Over a million developers have joined DZone.

Graphs for HR Analytics

DZone's Guide to

Graphs for HR Analytics

· Java Zone ·
Free Resource

Download Microservices for Java Developers: A hands-on introduction to frameworks and containers. Brought to you in partnership with Red Hat.

Originally Written by Rik Van Bruggen. Originally posted on his blog.

Recently, I had the pleasure of doing a talk at the Brussels Data Science meetup. Some really cool people there, with interesting things to say. My talk was about how graph databases like Neo4j can contribute to HR Analytics. Here are the slides of the talk:

My basic points that I wanted to get across where these:
    • the HR function could really benefit from a more real world understanding of how information flows in its organization. Information flows through the *real* social network of people in your organization – independent of your “official” hierarchical / matrix-shaped org chart. Therefore it follows logically that it would really benefit the HR function to understand and analyse this information flow, through social network analysis.
    • In recruitment, there is a lot to be said to integrate social network information into your recruitment process. This is logical: the social network will tell us something about the social, friendly ties between people – and that will tell us something about how likely they are to form good, performing teams. Several online recruitment platforms are starting to use this – eg. Glassdoor uses Neo4j to store more than 70% of the Facebook sociogram – to really differentiate themselves. They want to suggest and recommend the jobs that people really want.
    • In competence management, large organizations can gain a lot by accurately understanding the different competencies that people have / want to have. When putting together multi-disciplinary, often times global teams, this can be a huge time-saver for the project offices chartered to do this.
For all of these 3 points, a graph database like Neo4j can really help. So I put together a sample dataset that should explain this. Broadly speaking, these queries are in three categories:

  1. “Deep queries”: these are the types of queries that perform complex pattern matches on the graph. As an example, that would something like: “Find me a friend-of-a-friend of Mike that has the same competencies as Mike, has worked or is working at the same company as Mike, but is currently not working together with Mike.” In Neo4j cypher, that would something like this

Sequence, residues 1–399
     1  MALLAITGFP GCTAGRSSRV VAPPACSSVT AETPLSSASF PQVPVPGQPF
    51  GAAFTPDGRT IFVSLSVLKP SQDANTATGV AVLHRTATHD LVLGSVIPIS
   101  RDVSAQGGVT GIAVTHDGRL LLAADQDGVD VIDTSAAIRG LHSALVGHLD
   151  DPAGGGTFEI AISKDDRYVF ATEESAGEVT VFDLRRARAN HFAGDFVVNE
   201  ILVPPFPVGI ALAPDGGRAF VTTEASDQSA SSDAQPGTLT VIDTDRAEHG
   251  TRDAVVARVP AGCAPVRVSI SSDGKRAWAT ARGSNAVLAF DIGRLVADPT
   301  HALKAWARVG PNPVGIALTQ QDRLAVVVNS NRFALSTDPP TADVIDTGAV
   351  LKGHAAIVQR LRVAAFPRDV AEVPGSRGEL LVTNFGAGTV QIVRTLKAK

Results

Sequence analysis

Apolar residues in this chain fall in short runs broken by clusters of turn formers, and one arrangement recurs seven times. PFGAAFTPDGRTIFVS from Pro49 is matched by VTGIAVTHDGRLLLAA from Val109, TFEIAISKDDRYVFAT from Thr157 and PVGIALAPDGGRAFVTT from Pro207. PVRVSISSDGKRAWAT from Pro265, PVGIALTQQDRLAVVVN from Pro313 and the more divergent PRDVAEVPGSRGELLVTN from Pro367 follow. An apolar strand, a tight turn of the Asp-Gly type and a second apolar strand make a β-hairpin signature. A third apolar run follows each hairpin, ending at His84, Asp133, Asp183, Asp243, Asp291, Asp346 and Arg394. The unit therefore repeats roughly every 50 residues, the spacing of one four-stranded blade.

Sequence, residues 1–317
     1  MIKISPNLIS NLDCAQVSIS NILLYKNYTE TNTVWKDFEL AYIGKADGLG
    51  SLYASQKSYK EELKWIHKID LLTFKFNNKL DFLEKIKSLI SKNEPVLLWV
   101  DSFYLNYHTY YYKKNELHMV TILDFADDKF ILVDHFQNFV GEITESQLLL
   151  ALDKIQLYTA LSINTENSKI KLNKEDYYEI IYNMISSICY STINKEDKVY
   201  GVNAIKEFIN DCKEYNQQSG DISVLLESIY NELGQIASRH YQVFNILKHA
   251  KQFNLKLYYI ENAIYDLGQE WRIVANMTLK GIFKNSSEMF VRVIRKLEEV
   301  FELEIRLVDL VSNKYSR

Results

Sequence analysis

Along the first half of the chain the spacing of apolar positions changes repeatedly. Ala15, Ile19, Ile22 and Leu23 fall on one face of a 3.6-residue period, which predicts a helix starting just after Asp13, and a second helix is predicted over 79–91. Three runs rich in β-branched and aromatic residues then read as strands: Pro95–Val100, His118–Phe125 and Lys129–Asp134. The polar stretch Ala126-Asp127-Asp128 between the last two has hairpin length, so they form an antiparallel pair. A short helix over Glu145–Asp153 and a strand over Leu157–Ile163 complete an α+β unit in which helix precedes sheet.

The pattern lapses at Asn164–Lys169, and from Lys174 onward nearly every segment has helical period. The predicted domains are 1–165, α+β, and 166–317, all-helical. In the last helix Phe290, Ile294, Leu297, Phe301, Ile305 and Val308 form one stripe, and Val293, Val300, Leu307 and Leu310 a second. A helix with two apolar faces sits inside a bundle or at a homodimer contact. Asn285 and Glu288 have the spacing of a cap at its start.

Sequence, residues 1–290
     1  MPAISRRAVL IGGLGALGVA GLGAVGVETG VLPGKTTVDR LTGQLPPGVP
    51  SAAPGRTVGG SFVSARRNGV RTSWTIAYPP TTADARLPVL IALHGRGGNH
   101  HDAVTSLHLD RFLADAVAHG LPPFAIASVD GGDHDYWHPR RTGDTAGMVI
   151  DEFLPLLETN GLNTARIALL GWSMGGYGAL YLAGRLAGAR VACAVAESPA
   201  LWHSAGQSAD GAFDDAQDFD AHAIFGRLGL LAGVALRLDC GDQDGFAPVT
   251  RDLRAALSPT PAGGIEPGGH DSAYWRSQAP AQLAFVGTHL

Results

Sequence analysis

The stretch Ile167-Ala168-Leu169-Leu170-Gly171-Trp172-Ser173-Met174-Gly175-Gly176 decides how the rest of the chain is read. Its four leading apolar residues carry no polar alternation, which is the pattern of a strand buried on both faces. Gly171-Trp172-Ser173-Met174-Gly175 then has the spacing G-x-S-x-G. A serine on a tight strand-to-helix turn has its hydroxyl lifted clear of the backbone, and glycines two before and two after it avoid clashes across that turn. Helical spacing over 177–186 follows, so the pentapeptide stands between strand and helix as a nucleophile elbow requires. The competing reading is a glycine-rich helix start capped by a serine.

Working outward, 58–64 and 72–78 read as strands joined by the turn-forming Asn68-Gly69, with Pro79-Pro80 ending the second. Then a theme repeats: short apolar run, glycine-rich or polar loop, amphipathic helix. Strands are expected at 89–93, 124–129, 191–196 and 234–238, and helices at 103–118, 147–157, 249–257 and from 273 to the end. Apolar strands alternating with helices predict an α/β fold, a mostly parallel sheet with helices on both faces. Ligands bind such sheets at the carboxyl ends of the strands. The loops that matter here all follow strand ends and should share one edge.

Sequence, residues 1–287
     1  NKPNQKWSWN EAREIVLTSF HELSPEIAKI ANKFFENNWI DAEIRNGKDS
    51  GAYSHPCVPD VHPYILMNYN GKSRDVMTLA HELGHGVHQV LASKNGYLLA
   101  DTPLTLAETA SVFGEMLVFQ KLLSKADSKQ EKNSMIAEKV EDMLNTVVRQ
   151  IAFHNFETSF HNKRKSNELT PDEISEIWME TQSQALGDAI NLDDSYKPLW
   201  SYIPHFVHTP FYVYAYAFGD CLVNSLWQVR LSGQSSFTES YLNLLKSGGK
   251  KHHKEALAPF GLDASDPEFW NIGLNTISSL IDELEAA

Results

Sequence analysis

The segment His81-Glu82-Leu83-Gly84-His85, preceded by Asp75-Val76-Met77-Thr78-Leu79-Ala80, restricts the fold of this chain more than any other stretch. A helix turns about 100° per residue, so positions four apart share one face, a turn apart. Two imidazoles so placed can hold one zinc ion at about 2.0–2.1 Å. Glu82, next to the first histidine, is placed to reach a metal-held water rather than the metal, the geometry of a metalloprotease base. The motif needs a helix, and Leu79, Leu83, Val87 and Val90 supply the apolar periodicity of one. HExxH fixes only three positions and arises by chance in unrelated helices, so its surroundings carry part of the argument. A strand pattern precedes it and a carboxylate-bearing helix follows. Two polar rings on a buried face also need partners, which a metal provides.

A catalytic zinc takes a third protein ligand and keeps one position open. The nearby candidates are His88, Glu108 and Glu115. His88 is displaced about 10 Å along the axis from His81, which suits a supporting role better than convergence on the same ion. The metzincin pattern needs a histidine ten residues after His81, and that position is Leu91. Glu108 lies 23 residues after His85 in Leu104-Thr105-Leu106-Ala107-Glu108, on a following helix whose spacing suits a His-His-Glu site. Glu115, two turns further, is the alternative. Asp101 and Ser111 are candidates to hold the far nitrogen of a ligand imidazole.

match (p1:Person {first_name:"Mike"})-[:HAS_COMPETENCY]->(c:Competency)<-[:HAS_COMPETENCY]-(p2:Person),  
       where not((p1)-[:WORKS_FOR]->(co)<-[:WORKS_FOR]-(p2))  
       with p1,p2,c,co  
       match (p1)-[:FRIEND_OF*2..2]-(p2)  
       return p1.first_name+' '+p1.last_name as Person1, p2.first_name+' '+p2.last_name as Person2, 

      collect(distinct c.name), collect(distinct co.name) as Company;

  1. “Pathfinding queries”: this allows you to explore the paths from a certain person to other people – and see how they are connected to eachother. For example, if I wanted to find paths between two people, I could do
 match p=AllShortestPaths((n:Person {first_name:"Mike"})-[*]-(m:Person {first_name:"Brandi"}))  
 return p;  
and get this:
Which is a truly interesting and meaningful representation in many cases.
  1. Graph Analysis queries: these are queries that look at some really interesting graph metrics that could help us better understand our HR network. There are some really interesting measures out there, like for example degree centrality, betweenness centrality, pagerank, and triadic closures. Below are some of the queries that implement these (note that I have done some of these also for the Dolphin Social Network). Please be aware that these queries are often times “graph global” queries that can consume quite a bit of time and resources. I would not do this on truly large datasets – but in the HR domain the datasets are often quite limited anyway, and we can consider them as valid examples.
       //Degree centrality  
       match (n:Person)-[r:FRIEND_OF]-(m:Person)  
       return n.first_name, n.last_name, count(r) as DegreeScore  
       order by DegreeScore desc  
       limit 10;  
       //Betweenness centrality  
       MATCH p=allShortestPaths((source:Person)-[:FRIEND_OF*]-(target:Person))  
       WHERE id(source) < id(target) and length(p) > 1  
       UNWIND nodes(p)[1..-1] as n  
       RETURN n.first_name, n.last_name, count(*) as betweenness  
       ORDER BY betweenness DESC  
       //Missing triadic closures  
       MATCH path1=(p1:Person)-[:FRIEND_OF*2..2]-(p2:Person)  
       where not((p1)-[:FRIEND_OF]-(p2))  
       return path1  
       limit 50;  
       //Calculate the pagerank  
       UNWIND range(1,10) AS round  
       MATCH (n:Person)  
       WHERE rand() < 0.1 // 10% probability  
       MATCH (n:Person)-[:FRIEND_OF*..10]->(m:Person)  
       SET m.rank = coalesce(m.rank,0) + 1;  

I am sure you could come up with plenty of other examples. Just to make the point clear, I also made a short movie about it:

The queries for this entire demonstration are on Github. Hope you like it, and that everyone understands that Graph Databases can truly add value in an HR Analytics contect.

Feedback, as always, much appreciated.


Download Building Reactive Microservices in Java: Asynchronous and Event-Based Application Design. Brought to you in partnership with Red Hat


Published at DZone with permission of

Opinions expressed by DZone contributors are their own.

{{ parent.title || parent.header.title}}

{{ parent.tldr }}

{{ parent.urlSource.name }}